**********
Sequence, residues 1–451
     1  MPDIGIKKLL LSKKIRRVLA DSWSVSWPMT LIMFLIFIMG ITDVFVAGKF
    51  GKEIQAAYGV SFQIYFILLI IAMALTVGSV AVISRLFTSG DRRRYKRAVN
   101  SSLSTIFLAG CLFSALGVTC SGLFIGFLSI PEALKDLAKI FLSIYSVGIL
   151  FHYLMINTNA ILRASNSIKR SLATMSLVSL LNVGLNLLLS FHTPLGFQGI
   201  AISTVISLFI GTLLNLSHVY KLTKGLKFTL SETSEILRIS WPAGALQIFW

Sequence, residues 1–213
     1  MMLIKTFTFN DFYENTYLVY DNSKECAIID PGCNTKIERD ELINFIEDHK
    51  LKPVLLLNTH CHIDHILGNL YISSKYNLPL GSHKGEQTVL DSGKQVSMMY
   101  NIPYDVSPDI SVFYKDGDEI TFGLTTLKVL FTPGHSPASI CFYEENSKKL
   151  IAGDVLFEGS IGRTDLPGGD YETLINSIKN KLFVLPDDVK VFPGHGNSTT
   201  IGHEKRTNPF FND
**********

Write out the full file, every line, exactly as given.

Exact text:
Sequence, residues 1–451
     1  MPDIGIKKLL LSKKIRRVLA DSWSVSWPMT LIMFLIFIMG ITDVFVAGKF
    51  GKEIQAAYGV SFQIYFILLI IAMALTVGSV AVISRLFTSG DRRRYKRAVN
   101  SSLSTIFLAG CLFSALGVTC SGLFIGFLSI PEALKDLAKI FLSIYSVGIL
   151  FHYLMINTNA ILRASNSIKR SLATMSLVSL LNVGLNLLLS FHTPLGFQGI
   201  AISTVISLFI GTLLNLSHVY KLTKGLKFTL SETSEILRIS WPAGALQIFW

Sequence, residues 1–213
     1  MMLIKTFTFN DFYENTYLVY DNSKECAIID PGCNTKIERD ELINFIEDHK
    51  LKPVLLLNTH CHIDHILGNL YISSKYNLPL GSHKGEQTVL DSGKQVSMMY
   101  NIPYDVSPDI SVFYKDGDEI TFGLTTLKVL FTPGHSPASI CFYEENSKKL
   151  IAGDVLFEGS IGRTDLPGGD YETLINSIKN KLFVLPDDVK VFPGHGNSTT
   201  IGHEKRTNPF FND